Male postgraduate student revising in the Maths Building foyer

July 30, 2004, by Teaching at Nottingham

Mathematics Electronic Learning Environment in Engineering and Science (MELEES)

Stephen Hibberd and Cliff Litton: “MELEES is a web-based environment, developed since 2002, to support students who take mathematics modules as a part of their course. In 2004-5 over 2000 students across Engineering and Science at the University of Nottingham used MELEES to support their learning.

“The principal challenge within the service teaching of mathematics is to address the needs of students who are often not provided per se with as extensive a support structure as that associated with their main subject area(s). The scale and diversity of the service teaching provision at Nottingham invited a development focussing on:

  • establishing a unified supportive environment;
  • providing feedback to students, their lecturers and their home Schools;
  • identifying and supporting e-learning strategies;
  • specialist support for students with special learning needs.

“A variety of resources have been established using local expertise but also importantly from other sources such as those funded by national initiatives (including HEFCE and HE Academy – Mathematics, Statistics and OR Subject Centre). Initial support for the initiative was provided within the University by the award of an “E-Learning Development Project” and additional support for special needs aspects from the “Learning and Teaching Development Fund”. Development and of MELEES was undertaken in three phases linked to implementation in the successive academic session 2002-3, 2003-4 and 2004-5. The provision of MELEES as a support website for students has now been embedded within Mathematical Sciences.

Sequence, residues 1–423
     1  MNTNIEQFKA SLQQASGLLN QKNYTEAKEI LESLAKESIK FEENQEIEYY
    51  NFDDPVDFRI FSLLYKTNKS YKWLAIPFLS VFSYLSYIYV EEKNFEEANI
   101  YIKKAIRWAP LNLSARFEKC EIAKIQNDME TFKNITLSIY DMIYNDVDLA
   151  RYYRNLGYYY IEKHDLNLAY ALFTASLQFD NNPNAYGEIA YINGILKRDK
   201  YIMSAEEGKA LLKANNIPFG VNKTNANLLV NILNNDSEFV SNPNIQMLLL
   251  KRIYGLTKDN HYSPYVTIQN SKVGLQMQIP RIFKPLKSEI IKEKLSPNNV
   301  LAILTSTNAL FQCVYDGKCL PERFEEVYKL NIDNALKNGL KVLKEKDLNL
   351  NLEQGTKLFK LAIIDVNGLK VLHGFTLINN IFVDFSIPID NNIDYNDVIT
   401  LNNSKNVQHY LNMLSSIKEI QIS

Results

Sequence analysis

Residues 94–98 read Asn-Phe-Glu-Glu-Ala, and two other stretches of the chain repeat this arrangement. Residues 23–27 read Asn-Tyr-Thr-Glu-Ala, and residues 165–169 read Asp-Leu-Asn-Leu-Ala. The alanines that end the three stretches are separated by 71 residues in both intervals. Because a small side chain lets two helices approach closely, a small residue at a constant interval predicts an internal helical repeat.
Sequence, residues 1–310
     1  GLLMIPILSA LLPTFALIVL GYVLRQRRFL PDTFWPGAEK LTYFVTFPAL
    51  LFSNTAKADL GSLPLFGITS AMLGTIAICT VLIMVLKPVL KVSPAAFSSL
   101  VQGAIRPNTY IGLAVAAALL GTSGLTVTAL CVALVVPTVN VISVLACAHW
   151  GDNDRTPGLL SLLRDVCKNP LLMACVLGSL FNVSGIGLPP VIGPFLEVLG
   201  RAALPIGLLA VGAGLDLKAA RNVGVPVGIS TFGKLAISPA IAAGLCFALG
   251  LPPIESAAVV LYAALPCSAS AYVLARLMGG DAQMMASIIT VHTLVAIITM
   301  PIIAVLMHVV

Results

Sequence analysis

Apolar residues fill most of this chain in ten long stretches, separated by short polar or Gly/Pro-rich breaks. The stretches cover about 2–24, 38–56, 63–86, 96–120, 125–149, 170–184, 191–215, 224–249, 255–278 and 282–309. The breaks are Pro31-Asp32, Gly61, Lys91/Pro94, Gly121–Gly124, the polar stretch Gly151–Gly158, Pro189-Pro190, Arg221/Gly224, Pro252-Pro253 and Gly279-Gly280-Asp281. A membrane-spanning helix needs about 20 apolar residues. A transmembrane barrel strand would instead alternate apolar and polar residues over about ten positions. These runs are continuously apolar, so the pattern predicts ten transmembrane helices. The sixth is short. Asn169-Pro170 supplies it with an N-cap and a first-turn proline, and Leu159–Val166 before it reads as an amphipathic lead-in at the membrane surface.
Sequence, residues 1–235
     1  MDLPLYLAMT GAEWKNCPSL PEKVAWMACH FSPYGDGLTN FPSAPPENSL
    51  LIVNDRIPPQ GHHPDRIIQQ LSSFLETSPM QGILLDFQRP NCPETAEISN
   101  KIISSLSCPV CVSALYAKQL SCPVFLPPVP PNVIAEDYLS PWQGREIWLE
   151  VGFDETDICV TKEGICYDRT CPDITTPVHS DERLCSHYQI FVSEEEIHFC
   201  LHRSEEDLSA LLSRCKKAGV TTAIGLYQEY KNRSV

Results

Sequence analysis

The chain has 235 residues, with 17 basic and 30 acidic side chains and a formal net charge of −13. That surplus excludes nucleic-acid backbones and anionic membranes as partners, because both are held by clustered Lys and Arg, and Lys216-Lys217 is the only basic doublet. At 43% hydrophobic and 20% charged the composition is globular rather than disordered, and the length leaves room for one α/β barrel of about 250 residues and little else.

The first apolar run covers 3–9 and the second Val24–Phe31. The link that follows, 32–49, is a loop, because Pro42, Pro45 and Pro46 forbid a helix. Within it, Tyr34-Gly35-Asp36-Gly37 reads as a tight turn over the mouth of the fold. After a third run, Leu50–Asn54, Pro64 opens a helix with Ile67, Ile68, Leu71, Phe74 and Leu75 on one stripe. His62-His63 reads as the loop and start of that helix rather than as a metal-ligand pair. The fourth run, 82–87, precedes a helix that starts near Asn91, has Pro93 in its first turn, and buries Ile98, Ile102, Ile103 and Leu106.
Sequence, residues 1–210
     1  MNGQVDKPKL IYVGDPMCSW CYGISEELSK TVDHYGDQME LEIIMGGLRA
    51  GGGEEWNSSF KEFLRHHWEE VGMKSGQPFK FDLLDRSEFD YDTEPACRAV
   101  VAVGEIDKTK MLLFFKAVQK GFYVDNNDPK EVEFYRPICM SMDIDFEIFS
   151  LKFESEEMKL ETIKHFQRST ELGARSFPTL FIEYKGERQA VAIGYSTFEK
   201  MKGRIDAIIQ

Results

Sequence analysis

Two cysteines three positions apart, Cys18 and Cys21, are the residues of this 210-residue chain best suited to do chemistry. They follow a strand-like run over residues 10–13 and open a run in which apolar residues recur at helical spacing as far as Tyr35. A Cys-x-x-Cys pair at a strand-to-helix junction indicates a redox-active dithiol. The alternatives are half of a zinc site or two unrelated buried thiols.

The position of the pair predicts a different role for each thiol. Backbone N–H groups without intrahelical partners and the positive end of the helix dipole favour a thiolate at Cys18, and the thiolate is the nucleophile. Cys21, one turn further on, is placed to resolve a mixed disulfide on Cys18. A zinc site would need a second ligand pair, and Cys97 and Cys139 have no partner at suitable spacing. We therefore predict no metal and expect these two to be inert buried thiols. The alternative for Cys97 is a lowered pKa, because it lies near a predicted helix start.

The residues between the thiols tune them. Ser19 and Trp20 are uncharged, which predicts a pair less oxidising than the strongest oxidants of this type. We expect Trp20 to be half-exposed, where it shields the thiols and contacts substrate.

“The benefits of using a VLE has been embraced by students and teaching staff as a means of providing an integrated and versatile support mechanism. The culture is developing that students are using the environment extensively which in turn encourages teaching staff to develop more “e-learning” activities. The monitoring and tracking facilities provide the opportunity to develop the site according to the particular cohort groups in tandem with the teaching preferences of the lecturer and the requirements of the subject matter.”

Started with University E-learning funding in 2002, the work is now integrated into the Faculty’s teaching activities and MELEES is now hosted in Moodle. Produced July 2004.

Prof Stephen Hibberd
Associate Professor
School of Mathematical Sciences

Dr Cliff Litton
School of Mathematical Sciences

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